But his masterpiece is My Own Private Idaho (1994). Here he expertly blends the genre of the road film with Shakespeare's Henry IV to present a compelling study of young gay hustlers, played by Keanu Reeves and the late River Phoenix. Since Idaho, Van Sant has moved more fully into the mainstream with mixed results. To Die For (1995) and the Oscar-winning Ben Affleck/Matt Damon buddy film Good Will Hunting (1997) were critically successful. The 1998 remake of Hitchcock's Psycho, paying slavish attention to the original, was generally deemed disappointing. Gregg Araki (b. 1959), another graduate of the University of Southern California school of cinema and television, has won critical acclaim for his frequently bleak filmic landscape that explores the post-AIDS experiences of alienated young queers. His work includes a pseudo documentary Totally F***ked Up (1993) and the road movies The Living End (1992), The Doom Generation (1995), and Nowhere (1997). Todd Haynes (b. 1961) began his career with the innovative documentary, Superstar: The Karen Carpenter Story (1987). Featuring Barbie Dolls in the central roles it was subsequently banned via legal technicalities raised by its subject's brother, Richard Carpenter. In the 1990s Haynes moved onto such hard-edged studies of popular culture as Velvet Goldmine (1998), a fictionalized exploration of the polymorphous sexualities of 1970s glamrock. In his Oscar-nominated Far From Heaven (2002), Haynes achieved mainstream success. Paying homage to the style of 1950s auteur Douglas Sirk, he skillfully draws out and makes explicit the homosexual subtexts latent in Sirk's melodramas. In 1986 director Donna Deitch (b. 1945) adapted Jane Rule's classic lesbian novel Desert of the Heart as Desert Hearts. A full-length feature, it was perceived by many lesbian critics as too implicated in the aesthetics and values of traditional heterosexual romances; however, it won and maintained a strong following by lesbian viewers. Deitch, meanwhile, has moved into television work, directing numerous high profile dramas such as NYPD Blue, Murder One, ER, and Crossing Jordan. In the television movie common ground (2000), she returned to gay and lesbian themes. The success of Rose Troche (b. 1964) was established with the experimental Go Fish (1994). Made on a shoestring budget in black and white, it flirted with avant garde editing techniques and "queer sensibilities," examining, for example, the lesbian who sleeps with a man and butch/femme role-playing. Troche's next effort, filmed in Britain, Bedrooms and Hallways (1988), was an enjoyable romantic comedy with the focus this time on gay male relationships. In 2001, Troche scored a critical success with her film based on A. M. Homes's provocative collection of short stories, The Safety of Objects. In the last few years, she has worked mainly in television, most notably as writer and director for the lesbian-focused drama The L Word. Patricia Rozema (b. 1958). a Canadian film director, began her career with the gentle, offbeat I Heard The Mermaids Singing (1987). This film was followed by a depiction of lesbian awakening in When Night Is Falling (1995). Rozema's latest work--an intelligent, elegant film of Jane Austen's Mansfield Park (1999)-brought the classic novel's queer subtext to the surface, eliciting a mixture of critical alarm and praise. Lisa Chodolenko (b. 1964) is a newly emerging writer/director. Her 1998 film High Art was a big winner at the Sundance Film Festival. It offers witty nods to Warhol and Fassbinder. Her second film, Laurel Canyon, strring Frances McDormand as a record producer, focuses on conflicting values in Los Angeles. Director Kimberly Peirce (b. 1967) has received critical plaudits for her Boy's Don't Cry (1999), a film based Page 7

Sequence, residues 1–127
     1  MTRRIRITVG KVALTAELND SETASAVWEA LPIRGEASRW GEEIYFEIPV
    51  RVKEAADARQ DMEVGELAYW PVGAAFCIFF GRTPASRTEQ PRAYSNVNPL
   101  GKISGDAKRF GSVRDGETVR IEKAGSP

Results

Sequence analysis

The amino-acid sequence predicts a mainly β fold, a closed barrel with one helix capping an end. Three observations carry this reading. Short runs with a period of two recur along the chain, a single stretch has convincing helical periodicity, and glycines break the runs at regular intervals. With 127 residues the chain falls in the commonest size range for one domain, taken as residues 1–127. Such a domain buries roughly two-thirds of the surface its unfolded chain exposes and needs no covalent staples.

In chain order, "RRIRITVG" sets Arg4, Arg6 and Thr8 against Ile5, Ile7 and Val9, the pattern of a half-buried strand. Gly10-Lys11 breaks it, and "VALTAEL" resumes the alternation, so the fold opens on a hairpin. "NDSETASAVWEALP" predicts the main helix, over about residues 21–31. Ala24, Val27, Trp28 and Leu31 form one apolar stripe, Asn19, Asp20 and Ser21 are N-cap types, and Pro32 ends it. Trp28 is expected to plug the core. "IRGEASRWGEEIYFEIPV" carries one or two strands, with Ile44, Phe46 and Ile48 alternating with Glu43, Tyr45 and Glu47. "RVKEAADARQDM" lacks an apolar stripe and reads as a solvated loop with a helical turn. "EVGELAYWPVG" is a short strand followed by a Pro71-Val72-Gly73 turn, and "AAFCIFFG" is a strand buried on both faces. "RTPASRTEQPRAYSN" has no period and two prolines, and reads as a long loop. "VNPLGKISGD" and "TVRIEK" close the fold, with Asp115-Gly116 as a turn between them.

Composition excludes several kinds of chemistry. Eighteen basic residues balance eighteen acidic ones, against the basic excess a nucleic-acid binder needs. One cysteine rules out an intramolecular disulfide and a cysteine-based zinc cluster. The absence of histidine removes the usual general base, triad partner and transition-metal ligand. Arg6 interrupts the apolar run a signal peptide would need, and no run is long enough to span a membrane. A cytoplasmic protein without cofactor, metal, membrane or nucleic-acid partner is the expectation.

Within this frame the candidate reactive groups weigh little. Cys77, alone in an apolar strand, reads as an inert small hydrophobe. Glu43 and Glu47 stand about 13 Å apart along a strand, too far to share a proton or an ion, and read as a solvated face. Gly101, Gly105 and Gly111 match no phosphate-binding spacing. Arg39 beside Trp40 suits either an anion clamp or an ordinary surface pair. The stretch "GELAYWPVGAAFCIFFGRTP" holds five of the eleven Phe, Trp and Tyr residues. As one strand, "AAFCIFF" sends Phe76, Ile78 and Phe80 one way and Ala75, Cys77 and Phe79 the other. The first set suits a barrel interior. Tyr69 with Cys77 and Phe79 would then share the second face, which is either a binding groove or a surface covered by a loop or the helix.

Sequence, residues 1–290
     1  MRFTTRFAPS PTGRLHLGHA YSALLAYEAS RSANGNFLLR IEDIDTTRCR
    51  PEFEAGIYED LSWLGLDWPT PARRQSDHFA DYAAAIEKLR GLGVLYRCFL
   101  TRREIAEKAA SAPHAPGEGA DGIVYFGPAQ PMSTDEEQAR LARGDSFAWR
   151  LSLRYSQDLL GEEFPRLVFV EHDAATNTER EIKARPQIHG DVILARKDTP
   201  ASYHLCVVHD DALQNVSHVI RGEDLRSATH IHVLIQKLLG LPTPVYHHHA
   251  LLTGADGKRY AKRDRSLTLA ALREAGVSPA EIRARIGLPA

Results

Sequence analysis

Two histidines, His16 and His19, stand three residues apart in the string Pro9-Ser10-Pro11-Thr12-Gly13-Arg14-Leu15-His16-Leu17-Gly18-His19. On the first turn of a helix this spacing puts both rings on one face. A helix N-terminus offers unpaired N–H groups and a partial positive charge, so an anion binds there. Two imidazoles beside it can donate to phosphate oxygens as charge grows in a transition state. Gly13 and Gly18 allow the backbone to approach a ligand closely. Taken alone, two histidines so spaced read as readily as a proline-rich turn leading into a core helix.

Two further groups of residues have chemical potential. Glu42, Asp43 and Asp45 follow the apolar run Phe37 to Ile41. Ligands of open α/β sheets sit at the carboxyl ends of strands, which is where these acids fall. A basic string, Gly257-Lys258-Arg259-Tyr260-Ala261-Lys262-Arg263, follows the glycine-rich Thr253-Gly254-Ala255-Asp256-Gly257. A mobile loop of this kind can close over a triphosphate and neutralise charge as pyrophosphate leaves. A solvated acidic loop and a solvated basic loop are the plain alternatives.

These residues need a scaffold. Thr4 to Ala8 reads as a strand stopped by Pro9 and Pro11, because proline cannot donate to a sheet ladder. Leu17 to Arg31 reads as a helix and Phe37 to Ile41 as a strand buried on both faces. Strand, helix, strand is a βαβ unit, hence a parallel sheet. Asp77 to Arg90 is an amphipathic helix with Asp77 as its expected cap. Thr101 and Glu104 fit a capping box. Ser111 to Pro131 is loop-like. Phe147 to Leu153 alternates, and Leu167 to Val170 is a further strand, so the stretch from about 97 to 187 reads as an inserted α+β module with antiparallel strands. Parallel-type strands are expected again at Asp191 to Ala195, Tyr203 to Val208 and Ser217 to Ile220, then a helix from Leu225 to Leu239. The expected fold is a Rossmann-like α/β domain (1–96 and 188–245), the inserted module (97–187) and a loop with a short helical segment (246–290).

on the case of murdered transgendered lesbian Teena Brandon. After Hilary Swank won an Academy Award as best actress for her stunning performance as Teena Brandon, the film achieved considerable mainstream success. Spanish director Pedro Almodуvar (b. 1951) deploys a surreal, iconoclastic blend of comedy and drama to map subcultures of sexual dissidence in post-Franco Madrid. Beginning with the comic short Film Polнtico in 1974, Almodуvar has made numerous films, including Women on the Verge of a Nervous Breakdown (1988), Tie Me Up, Tie Me Down (1990), The Flower of My Secret (1995), and A Bad Education (2004). All About My Mother (1999), a tragi-comic study of a "straight" woman's love for a transsexual, won the Academy Award for best foreign film. Almodуvar's distinctively queer filmic universe has obtained widespread critical acclaim and a broadly based following. His success may offer a happy augury for the growing recognition of quality gay, lesbian, bisexual, transgendered, and queer cinema. Bibliography Dyer, Richard. Now You See It: Studies on Lesbian and Gay Film. New York: Routledge, 1990. Gever, Martha, John Greyson, and Pratihba Parmar, eds. Queer Looks: Perspectives on Lesbian and Gay Films and Video. New York: Routledge, 1993. Hadleigh, Boze. The Lavender Screen: Gay and Lesbian Films, Their Stars, Makers, Characters and Critics. New York: Citadel Press, 1993. Hanson, Ellis. Outtakes: Essays on Queer Theory and Film. Durham, N. C.: Duke University Press, 1999. Hoberman, J. "The Big Heat: The Making and Unmaking of Flaming Creatures." Flaming Creature: Jack Smith, His Amazing Life and Times. Edward Liffingwell, Carole Kismaric, and Marvin Heiferman, eds. London: Serpent's Tail, 1997. 152-167. Murray, Raymond. Images in the Dark: An Encyclopaedia of Gay and Lesbian Film and Video. Philadelphia: TLA Publications, 1994. Rich, B. Ruby. Chick Flicks: Theories and Memories of the Feminist Film Movement. Durham, N. C.: Duke University Press, 1998. Russo, Vito. The Celluloid Closet. New York: Harper Row, 1981. Smith, Paul Julian. Desire Unlimited: The Cinema of Pedro Almodуvar. London: Verso, 1994. Suarez, Juan A. Bike Boys, Drag Queens and Superstars: Avant-Garde, Mass Culture, and Gay Identities in the 1960s Underground Cinema. Bloomington: Indiana University Press, 1996. Weiss, Andrea. Violets and Vampires: Lesbians in Film. London: Penguin, 1993. About the Author Deborah Hunn is a Lecturer in Communication and Cultural Studies at Curtin University of Technology, Western Australia. She has taught English, Media Studies, and Women's Studies in several Australian universities. Page 8